The energy sector is probably one of the most exciting sectors at the moment, with rising prices for crude oil, natural gas, and the unloved thermal coal.
Crude oil has closed the 7th week in a row with a plus and one must add here that further price increases are more than likely.
WTI crude oil closed the week with a plus of 4.9% to $79.59 per barrel.
Brent crude oil closed with a plus of 4.2% to $82.58 per barrel.
Hopes of an easing in crude oil supply were crushed by OPEC+ for the time being since OPEC+ does not want to further increase the crude oil output until the end of the year. The OPEC+ sits on approximately 95% of the crude oil spare capacities.
In the U.S., Europe, and Asia, gasoline prices have risen significantly in recent months. Especially in the U.S. and Europe, politicians like to point the finger at others, but the own policy of the last years has brought forth these grievances and are now more than visible.
Meanwhile, the U.S. government does not yet plan to release its strategic crude oil reserves.
Natural gas prices have risen 120% YTD in the U.S. and currently stands at 5.57 MMBtu. Natural gas prices in Europe, on the other hand, have seen a very steep increase over last year. Prices are up 477% to $22.84 MMBtu. Natural gas prices in Asia have increased a full 40% on Wednesday to a price of $56MMBtu.
Thermal coal, arguably the most unpopular fossil fuel among policymakers, is up a whopping 248% YTD. Right now the price is $230 per ton. There is much to be said about thermal coal, but it must be acknowledged that it is a very reliable source of energy and after the failure of politicians in recent years to develop cleaner sources of energy to the point of providing an equivalent substitute, the current green rate seems to become more than too fast. Replacing reliable energy sources with unreliable energy sources may be popular in politics but with the ordinary citizen, this trend is not so well received. Especially since the majority of the population wants to have it warm in the winter and the lights go on when you press the light switch.
The great thinkers of the nations have slowly understood this and are turning their attention to the child that has been unpopular for many years: uranium.
Nuclear power is the most reliable and cleanest way to produce electricity at the moment. As more and more thinkers reach for the poster child of “zero emissions,” which at the moment means taking money out of people’s pockets and making them feel good about it, the focus for clean, reliable energy is increasingly turning to uranium. Uranium has been and continues to be one of the most exciting markets as it has been disliked by many and disregarded for a long time. Investors moving in the uranium field have already made substantial profits given the fact that nothing has really happened in the market so far, except for the Sprott Physical Uranium Trust buying remaining uranium from the market and bringing prices up to $50 lately. Now the tide seems to be slowly turning as Japan wants to restart its nuclear fleet. This would certainly give the market a boost and uranium prices would rise again. It’s about time since most uranium producers need a price of $70 per pound to be profitable. The uranium market remains exciting and with a current price of $43.05 per pound, it is far from over.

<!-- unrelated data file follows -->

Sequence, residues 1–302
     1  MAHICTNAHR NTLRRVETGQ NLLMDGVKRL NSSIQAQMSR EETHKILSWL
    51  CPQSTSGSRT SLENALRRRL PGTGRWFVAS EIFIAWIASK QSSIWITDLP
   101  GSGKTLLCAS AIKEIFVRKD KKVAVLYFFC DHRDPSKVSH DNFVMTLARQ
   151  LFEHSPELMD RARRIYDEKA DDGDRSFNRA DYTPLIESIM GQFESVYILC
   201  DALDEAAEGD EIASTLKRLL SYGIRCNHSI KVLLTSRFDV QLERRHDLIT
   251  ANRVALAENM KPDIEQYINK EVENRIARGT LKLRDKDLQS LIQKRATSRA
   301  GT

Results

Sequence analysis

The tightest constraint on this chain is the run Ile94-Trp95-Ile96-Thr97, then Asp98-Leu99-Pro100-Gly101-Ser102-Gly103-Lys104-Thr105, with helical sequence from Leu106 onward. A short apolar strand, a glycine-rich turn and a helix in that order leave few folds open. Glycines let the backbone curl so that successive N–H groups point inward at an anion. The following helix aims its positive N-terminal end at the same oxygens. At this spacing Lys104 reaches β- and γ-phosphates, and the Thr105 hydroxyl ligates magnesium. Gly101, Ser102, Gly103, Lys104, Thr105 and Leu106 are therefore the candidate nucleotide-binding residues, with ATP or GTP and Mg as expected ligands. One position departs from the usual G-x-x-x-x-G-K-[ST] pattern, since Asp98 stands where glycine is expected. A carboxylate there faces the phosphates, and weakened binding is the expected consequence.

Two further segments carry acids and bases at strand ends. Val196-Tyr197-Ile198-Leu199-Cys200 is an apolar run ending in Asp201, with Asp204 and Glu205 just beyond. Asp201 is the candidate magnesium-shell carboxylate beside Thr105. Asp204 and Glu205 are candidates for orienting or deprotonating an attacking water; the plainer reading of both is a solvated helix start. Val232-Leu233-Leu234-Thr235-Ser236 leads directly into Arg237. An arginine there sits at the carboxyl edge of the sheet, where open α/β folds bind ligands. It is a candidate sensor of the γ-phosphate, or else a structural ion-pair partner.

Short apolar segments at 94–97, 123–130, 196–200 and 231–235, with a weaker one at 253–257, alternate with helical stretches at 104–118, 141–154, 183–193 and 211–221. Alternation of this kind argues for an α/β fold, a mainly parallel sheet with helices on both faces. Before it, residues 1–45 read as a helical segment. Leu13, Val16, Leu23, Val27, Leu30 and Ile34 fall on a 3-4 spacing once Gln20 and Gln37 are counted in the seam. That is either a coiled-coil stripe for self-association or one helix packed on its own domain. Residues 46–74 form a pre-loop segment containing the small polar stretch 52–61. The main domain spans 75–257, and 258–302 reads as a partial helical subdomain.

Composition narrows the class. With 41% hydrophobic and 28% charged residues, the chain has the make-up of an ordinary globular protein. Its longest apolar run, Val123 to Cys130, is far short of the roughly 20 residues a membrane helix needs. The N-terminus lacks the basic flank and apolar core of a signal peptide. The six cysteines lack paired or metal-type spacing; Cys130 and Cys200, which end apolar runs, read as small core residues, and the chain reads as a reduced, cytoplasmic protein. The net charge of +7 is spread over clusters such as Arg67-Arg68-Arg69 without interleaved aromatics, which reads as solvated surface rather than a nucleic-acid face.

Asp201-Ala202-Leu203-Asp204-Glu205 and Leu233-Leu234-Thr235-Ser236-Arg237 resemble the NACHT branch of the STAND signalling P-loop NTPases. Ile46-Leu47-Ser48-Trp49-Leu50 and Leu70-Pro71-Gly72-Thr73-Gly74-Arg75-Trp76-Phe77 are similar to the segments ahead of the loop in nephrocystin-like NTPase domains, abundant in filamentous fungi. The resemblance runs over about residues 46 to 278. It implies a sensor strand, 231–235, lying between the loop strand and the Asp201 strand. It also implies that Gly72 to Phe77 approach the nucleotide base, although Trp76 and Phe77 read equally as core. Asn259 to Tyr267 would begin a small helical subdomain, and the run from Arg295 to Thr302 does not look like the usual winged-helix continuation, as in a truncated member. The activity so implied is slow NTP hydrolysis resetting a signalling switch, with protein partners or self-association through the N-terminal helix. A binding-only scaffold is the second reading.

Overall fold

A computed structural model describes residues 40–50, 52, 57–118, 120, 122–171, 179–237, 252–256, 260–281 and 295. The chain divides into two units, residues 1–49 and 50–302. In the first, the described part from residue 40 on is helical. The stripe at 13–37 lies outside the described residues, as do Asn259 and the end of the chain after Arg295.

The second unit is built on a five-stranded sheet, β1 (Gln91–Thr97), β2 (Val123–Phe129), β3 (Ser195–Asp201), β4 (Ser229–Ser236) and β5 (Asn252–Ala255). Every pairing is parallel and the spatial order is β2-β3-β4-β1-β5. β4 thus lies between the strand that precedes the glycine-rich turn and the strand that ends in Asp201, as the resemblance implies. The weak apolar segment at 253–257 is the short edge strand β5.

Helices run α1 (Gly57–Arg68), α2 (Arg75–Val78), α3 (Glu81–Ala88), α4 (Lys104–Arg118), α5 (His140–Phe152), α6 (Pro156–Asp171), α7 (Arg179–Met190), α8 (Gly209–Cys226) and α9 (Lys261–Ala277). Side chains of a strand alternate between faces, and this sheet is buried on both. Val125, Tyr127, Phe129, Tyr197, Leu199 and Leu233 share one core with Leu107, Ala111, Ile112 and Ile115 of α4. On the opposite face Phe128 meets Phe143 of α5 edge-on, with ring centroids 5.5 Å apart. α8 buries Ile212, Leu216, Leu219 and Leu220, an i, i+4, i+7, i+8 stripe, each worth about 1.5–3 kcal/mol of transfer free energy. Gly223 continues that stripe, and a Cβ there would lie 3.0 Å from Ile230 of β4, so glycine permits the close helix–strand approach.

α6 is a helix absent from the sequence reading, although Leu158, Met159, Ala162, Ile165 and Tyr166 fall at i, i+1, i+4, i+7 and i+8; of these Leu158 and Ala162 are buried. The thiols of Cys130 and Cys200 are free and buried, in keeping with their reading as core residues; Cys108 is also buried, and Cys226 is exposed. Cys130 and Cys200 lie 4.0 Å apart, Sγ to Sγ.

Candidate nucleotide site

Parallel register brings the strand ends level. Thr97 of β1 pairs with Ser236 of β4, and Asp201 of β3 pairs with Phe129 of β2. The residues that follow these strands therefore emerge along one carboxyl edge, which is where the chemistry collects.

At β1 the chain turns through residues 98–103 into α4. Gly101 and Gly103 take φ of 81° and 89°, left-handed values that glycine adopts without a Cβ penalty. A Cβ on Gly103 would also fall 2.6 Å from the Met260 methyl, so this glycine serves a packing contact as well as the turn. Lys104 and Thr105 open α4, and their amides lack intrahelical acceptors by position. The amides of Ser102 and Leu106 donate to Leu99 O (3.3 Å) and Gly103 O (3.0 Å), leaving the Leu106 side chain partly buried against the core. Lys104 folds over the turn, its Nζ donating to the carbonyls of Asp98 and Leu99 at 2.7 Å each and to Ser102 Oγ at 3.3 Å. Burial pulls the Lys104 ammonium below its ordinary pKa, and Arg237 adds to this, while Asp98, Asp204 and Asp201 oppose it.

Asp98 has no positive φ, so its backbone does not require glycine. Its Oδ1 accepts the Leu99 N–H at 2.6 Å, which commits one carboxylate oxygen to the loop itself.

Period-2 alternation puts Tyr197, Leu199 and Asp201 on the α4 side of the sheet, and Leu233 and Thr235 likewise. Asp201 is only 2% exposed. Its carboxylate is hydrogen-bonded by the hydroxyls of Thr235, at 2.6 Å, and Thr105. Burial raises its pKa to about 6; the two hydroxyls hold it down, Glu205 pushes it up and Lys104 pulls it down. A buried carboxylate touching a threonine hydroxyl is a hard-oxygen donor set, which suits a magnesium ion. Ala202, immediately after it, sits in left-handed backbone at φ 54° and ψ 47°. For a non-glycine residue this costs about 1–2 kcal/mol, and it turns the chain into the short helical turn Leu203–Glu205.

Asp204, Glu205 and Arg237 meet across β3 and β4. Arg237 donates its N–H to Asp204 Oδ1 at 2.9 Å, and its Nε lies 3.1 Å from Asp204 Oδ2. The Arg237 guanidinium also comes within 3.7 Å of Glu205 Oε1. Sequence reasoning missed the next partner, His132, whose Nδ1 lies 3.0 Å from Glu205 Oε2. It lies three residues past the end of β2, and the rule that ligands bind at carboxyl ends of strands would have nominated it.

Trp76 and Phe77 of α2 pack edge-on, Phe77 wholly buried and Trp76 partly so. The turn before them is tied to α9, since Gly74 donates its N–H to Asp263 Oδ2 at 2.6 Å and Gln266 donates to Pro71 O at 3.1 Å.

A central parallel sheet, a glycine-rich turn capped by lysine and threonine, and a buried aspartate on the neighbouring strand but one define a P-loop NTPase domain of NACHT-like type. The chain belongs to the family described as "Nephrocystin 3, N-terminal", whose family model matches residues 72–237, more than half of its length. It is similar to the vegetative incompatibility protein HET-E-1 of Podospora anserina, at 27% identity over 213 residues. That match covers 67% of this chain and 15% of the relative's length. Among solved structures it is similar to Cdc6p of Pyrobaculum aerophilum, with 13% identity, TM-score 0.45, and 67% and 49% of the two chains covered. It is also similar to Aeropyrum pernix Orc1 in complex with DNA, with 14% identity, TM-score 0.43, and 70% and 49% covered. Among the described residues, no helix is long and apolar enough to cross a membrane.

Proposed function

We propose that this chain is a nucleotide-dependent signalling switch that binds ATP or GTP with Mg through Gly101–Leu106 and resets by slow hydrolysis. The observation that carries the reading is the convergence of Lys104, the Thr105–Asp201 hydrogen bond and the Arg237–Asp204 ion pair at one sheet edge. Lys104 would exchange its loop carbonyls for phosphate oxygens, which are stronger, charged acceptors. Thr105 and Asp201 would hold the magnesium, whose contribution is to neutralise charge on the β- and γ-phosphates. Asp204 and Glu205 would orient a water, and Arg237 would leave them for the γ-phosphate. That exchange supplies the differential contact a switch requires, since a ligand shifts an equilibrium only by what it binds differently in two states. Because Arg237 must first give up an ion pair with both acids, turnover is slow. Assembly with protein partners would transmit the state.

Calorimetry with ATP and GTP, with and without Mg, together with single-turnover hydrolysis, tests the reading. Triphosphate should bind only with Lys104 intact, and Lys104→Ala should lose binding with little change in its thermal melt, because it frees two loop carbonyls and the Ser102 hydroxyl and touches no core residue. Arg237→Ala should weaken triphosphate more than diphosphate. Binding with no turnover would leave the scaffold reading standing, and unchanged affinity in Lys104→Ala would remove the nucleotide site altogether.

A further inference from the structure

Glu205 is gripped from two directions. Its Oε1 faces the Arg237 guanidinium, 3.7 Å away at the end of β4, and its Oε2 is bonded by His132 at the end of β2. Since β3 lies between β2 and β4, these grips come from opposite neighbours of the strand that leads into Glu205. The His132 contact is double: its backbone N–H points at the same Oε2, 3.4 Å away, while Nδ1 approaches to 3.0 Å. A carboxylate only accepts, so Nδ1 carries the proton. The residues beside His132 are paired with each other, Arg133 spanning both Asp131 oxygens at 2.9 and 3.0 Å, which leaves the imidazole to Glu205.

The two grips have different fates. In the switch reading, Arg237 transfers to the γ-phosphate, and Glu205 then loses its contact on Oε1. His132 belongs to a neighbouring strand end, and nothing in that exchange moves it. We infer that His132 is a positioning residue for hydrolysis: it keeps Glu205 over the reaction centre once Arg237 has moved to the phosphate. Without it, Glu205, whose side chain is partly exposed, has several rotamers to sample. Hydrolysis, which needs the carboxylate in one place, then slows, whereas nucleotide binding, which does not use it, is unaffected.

The gold price has briefly flared up at the end of the week but was quickly regulated down again so as not to panic. The price jump to $1780 came after the more than disappointing U.S. labor market figures with a job creation of 194k. But just a short time later, the gold price found itself back at $1750.
The gold price closed the week with -0.22% at $1,756.64 per ounce.
The silver price closed 0.58% up at $22.66 per ounce.
Platinum prices closed up 5.5% at $1,029.50 per ounce.
Palladium prices closed up 8.2% to $2,080.50 per ounce.
Inflation continues to rise, debt and deficits know no end and real interest rates are in the basement. All good prerequisites for an imminent gold upswing. Attractive alternatives are to be found at the moment in the precious metal mining sector. The shares of the producers have been ignored in recent months and have therefore become cheap. Investors who want to participate in the gold market with leverage can definitely dare to take a look and study the shares of the producers.
And last but not least, there is the debt ceiling debate. We have heard the old chestnut 79 times now, which is why Washington should probably rethink their script because no one gets scared anymore.
Aluminum prices rise 3.37% to $2,957.85 per ton.
Lead prices rise 1.19% to $2,254.50 per ton.
Iron ore prices rise 6.1% to $118.10 per ton.
Copper prices rise 1.69% to $9,387.60 per ton.
Nickel prices rise 0.64% to $18,865.00 per ton.
Zinc prices rise 0.87% to 3,135.00 per ton.
Tin prices increase 1.76% to 36,900.00 per ton.